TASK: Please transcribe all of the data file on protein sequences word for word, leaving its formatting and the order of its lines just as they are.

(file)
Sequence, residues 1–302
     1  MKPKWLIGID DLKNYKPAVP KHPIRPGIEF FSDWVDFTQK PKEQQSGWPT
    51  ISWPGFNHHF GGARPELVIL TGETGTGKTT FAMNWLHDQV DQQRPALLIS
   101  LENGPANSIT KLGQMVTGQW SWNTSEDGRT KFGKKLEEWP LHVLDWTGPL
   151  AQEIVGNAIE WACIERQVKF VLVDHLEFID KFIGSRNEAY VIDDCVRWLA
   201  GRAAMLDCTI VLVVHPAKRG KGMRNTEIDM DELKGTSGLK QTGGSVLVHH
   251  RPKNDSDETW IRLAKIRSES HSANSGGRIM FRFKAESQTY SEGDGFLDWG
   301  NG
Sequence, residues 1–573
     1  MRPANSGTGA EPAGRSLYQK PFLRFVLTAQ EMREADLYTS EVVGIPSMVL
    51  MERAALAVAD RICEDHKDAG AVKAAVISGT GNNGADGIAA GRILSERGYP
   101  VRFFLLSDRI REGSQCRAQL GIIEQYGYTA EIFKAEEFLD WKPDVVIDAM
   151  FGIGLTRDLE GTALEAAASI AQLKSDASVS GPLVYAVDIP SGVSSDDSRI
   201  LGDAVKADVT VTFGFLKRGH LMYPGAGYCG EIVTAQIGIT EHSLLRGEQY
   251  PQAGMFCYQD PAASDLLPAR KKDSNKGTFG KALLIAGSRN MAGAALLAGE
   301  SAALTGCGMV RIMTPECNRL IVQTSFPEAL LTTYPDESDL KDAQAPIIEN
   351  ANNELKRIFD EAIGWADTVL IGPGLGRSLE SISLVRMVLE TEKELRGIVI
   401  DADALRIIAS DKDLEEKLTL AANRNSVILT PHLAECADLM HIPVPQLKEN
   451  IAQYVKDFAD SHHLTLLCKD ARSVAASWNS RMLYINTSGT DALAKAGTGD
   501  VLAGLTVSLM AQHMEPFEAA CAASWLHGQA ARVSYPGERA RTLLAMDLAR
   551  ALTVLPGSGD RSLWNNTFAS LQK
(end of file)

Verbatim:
Sequence, residues 1–302
     1  MKPKWLIGID DLKNYKPAVP KHPIRPGIEF FSDWVDFTQK PKEQQSGWPT
    51  ISWPGFNHHF GGARPELVIL TGETGTGKTT FAMNWLHDQV DQQRPALLIS
   101  LENGPANSIT KLGQMVTGQW SWNTSEDGRT KFGKKLEEWP LHVLDWTGPL
   151  AQEIVGNAIE WACIERQVKF VLVDHLEFID KFIGSRNEAY VIDDCVRWLA
   201  GRAAMLDCTI VLVVHPAKRG KGMRNTEIDM DELKGTSGLK QTGGSVLVHH
   251  RPKNDSDETW IRLAKIRSES HSANSGGRIM FRFKAESQTY SEGDGFLDWG
   301  NG
Sequence, residues 1–573
     1  MRPANSGTGA EPAGRSLYQK PFLRFVLTAQ EMREADLYTS EVVGIPSMVL
    51  MERAALAVAD RICEDHKDAG AVKAAVISGT GNNGADGIAA GRILSERGYP
   101  VRFFLLSDRI REGSQCRAQL GIIEQYGYTA EIFKAEEFLD WKPDVVIDAM
   151  FGIGLTRDLE GTALEAAASI AQLKSDASVS GPLVYAVDIP SGVSSDDSRI
   201  LGDAVKADVT VTFGFLKRGH LMYPGAGYCG EIVTAQIGIT EHSLLRGEQY
   251  PQAGMFCYQD PAASDLLPAR KKDSNKGTFG KALLIAGSRN MAGAALLAGE
   301  SAALTGCGMV RIMTPECNRL IVQTSFPEAL LTTYPDESDL KDAQAPIIEN
   351  ANNELKRIFD EAIGWADTVL IGPGLGRSLE SISLVRMVLE TEKELRGIVI
   401  DADALRIIAS DKDLEEKLTL AANRNSVILT PHLAECADLM HIPVPQLKEN
   451  IAQYVKDFAD SHHLTLLCKD ARSVAASWNS RMLYINTSGT DALAKAGTGD
   501  VLAGLTVSLM AQHMEPFEAA CAASWLHGQA ARVSYPGERA RTLLAMDLAR
   551  ALTVLPGSGD RSLWNNTFAS LQK